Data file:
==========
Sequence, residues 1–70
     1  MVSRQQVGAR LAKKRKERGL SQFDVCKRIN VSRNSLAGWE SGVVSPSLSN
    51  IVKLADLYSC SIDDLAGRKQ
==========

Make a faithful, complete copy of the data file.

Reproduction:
Sequence, residues 1–70
     1  MVSRQQVGAR LAKKRKERGL SQFDVCKRIN VSRNSLAGWE SGVVSPSLSN
    51  IVKLADLYSC SIDDLAGRKQ